like an eddy in a river, each of us can be identified and pointed to, but nonetheless, there isn’t any persistent ‘us’: just a constantly moving pattern of flow, with everyone composed entirely of non-self stuff, all of it passing through.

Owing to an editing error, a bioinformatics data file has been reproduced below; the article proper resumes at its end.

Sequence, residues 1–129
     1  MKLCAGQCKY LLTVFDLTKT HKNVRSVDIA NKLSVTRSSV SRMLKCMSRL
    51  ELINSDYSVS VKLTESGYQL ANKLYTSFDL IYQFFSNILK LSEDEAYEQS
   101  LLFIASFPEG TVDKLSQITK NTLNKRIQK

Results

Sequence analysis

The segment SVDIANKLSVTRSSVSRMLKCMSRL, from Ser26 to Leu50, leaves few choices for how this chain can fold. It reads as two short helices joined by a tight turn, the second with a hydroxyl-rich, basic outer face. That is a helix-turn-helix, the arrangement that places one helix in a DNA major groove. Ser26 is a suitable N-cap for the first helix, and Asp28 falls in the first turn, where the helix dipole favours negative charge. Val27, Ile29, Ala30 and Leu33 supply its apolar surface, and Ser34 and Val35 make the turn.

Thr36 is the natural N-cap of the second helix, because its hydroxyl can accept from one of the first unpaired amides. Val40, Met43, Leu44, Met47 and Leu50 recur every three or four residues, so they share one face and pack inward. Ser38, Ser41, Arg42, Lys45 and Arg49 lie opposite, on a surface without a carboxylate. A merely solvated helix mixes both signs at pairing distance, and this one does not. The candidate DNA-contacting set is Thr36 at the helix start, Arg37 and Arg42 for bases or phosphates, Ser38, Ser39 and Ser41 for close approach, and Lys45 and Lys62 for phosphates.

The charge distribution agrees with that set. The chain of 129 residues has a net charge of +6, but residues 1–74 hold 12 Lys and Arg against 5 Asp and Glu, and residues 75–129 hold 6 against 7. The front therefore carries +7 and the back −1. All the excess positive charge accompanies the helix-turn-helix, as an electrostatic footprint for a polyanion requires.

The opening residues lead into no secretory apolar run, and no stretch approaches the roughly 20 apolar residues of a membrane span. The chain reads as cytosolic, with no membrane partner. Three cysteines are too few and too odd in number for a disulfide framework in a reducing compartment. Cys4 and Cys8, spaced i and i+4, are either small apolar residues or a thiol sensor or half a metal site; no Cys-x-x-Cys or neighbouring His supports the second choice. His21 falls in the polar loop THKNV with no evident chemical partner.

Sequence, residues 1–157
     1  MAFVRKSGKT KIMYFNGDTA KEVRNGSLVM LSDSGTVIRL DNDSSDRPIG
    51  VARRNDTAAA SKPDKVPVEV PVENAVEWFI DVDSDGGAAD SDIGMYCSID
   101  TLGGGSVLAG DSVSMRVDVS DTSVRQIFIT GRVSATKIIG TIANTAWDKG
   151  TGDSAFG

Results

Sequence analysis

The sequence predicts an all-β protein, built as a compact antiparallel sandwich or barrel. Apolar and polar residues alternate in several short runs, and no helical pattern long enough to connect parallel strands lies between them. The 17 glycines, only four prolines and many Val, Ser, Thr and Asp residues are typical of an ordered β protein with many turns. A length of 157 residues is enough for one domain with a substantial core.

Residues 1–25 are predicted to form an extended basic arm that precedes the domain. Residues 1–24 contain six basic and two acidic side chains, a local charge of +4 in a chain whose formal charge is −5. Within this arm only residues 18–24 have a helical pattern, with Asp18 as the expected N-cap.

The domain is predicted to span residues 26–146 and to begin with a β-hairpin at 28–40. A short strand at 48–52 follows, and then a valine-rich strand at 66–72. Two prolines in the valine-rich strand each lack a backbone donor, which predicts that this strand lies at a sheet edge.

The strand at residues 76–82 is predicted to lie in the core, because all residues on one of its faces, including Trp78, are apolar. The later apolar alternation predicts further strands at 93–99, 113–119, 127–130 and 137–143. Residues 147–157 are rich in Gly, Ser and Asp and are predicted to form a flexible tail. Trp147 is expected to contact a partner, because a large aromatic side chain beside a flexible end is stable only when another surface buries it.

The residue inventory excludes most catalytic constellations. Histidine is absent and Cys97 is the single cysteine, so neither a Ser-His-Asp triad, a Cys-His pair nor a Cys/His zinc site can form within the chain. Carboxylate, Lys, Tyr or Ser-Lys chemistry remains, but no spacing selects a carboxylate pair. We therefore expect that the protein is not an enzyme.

To EM Forster’s celebrated injunction, ‘only connect’, Buddhists and ecologists would add that we are already connected. Our job is to recognise this connection, and to act accordingly, paying attention to our breadth and not just our breath. But the ecological implications of Buddhism — or the Buddhist implications of ecology — are not easy. They require stout-hearted action, not mere sentiment.